Isolation petrifies ideas even as ideology is the Petri dish of ideation. The self-imposed solitude of the 93-year-old Rashtriya Swayamsevak Sangh has yielded no mystique but has at best generated curiosity and at worst, demonisation. This stark reality has dawned on RSS chief Dr Mohanrao Bhagwat. Come Monday, for a total of six hours over three days he will speak on “Bhavishya Ka Bharat” (India of the Future) to over 1,000 prominent citizens from across the national spectrum at Vigyan Bhawan, New Delhi, to start a meaningful dialogue between the powerful and the hopeful.
For the first time in its history, the ideological citadel of Hindutva is letting the drawbridge down to engage elements hostile not only to what it represents but its very existence. Bhagwat’s strategy is clever and innovative—inventing a new rule of engagement by sending out informal feelers through non-political contacts to top political leaders of the public canvas from the Congress to the CPM. The RSS has also invited heads of religious organisations, including Muslims, Christians, Sikhs and other sects.
Stung by the aggressive attack led by Rahul Gandhi for the past few months, its game plan is to elaborate its stand on contentious issues such as cow vigilantism and lynching, Jammu and Kashmir, Ayodhya, Article 370, women’s empowerment, education, culture, and also the Modi government’s mark sheet. Since the RSS has been the whipping boy of sections of the foreign media, it has invited heads of over 100 foreign missions in New Delhi to the meet.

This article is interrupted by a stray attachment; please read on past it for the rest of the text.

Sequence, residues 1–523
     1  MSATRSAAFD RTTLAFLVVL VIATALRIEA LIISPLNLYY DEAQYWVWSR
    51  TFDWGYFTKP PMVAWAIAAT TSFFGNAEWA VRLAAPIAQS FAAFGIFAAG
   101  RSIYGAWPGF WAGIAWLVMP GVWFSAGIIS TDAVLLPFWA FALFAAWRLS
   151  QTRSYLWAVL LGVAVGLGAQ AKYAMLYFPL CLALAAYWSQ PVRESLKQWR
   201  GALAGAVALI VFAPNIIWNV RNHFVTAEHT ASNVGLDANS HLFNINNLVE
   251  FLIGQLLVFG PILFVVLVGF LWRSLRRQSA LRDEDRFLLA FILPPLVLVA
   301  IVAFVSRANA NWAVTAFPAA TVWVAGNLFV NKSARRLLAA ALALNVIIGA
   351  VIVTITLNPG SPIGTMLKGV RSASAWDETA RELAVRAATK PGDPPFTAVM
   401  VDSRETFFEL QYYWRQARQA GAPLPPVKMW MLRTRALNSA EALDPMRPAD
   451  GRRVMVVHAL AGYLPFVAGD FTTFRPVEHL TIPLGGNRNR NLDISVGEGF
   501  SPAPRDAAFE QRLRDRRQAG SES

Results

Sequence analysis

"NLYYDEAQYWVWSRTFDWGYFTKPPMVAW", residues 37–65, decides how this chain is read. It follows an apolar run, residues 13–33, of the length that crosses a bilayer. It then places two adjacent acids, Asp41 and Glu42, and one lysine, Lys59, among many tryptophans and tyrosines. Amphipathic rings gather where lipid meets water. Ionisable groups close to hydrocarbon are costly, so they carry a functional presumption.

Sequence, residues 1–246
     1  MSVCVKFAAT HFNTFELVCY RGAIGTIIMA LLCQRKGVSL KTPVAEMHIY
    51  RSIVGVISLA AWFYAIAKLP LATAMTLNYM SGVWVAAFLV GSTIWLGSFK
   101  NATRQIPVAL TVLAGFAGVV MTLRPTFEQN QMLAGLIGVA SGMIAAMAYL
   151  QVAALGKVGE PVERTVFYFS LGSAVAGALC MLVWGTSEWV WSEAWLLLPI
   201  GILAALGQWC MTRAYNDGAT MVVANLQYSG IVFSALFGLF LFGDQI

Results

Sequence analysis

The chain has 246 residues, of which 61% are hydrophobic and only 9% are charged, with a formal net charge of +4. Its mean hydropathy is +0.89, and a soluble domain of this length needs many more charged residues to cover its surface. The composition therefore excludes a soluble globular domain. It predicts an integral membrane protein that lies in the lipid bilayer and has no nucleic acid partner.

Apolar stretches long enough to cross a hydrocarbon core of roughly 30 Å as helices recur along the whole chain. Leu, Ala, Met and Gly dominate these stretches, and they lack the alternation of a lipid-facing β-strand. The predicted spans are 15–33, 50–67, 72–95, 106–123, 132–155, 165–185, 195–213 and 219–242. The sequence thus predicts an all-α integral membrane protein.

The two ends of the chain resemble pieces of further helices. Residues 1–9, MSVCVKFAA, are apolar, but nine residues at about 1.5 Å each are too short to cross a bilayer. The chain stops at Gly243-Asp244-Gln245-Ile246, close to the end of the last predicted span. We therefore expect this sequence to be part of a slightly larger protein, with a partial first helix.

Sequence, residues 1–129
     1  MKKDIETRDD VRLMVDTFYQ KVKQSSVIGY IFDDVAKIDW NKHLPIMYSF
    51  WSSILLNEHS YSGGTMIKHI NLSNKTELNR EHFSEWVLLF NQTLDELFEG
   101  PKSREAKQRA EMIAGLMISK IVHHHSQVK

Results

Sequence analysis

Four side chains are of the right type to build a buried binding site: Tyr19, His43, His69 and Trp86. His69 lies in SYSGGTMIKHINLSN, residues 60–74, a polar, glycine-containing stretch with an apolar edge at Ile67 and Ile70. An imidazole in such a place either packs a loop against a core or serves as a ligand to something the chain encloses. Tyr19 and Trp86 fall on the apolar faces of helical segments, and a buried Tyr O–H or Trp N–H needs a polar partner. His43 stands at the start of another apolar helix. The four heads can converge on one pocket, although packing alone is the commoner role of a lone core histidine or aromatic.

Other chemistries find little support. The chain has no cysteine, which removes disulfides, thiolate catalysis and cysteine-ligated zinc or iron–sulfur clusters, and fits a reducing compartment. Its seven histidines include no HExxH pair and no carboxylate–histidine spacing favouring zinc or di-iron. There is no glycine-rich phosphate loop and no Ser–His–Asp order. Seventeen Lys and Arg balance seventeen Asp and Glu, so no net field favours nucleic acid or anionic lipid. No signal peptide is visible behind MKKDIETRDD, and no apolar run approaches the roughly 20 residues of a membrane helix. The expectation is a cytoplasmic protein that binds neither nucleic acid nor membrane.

Since an ideologically compatible government rules at the Centre and in over two-third of the states, it couldn’t have found a better time and opportunity to counter critics and convey its message in loud and clear octaves. With elections round the corner, most non-BJP leaders and secularists may turn down the overtures. But the saffron mother ship has shown its openness to debate and dialogue over its character and activities. So far, no other national organisation with a semi-political and substantial socio-cultural agenda has made such an attempt to capture the national spirit and define the contemporary narrative.
Because the RSS is seen as an organization of the Hindus, by the Hindus and only for the Hindus, its leadership has decided to define its real DNA. Bhagwat is likely to reiterate it doesn’t classify the Hindu as faith-inclusive but as an idea that ensures unity in diversity. The outfit has never been defensive about its commitment to Hindutva. Bhagwat is expected to build his central theme around the twin ellipses of vision and mission.
The RSS website prominently and proudly claims, “A unique phenomenon in the history of Bharat in the twentieth century is the birth and unceasing growth of Rashtriya Swayamsevak Sangh (RSS). The Sangh’s sphere of influence has been spreading far and wide, not only inside Bharat but also abroad, like the radiance of a many-splendoured diamond. Sangh-inspired institutions and movements today form a strong presence in social, cultural, educational, labour, developmental, political and other fields of nationalist endeavour. Sangh-initiated movements—be they social-reformist or anti-secessionist—evoke a ready response and approbation from the common multitudes as well as from vast numbers of the elite of different shades. It has increasingly been recognized that the Sangh is not a mere reaction to one or another social or political aberration. It represents a corpus of thought and action firmly rooted in genuine nationalism and in the age-old tradition of this country.”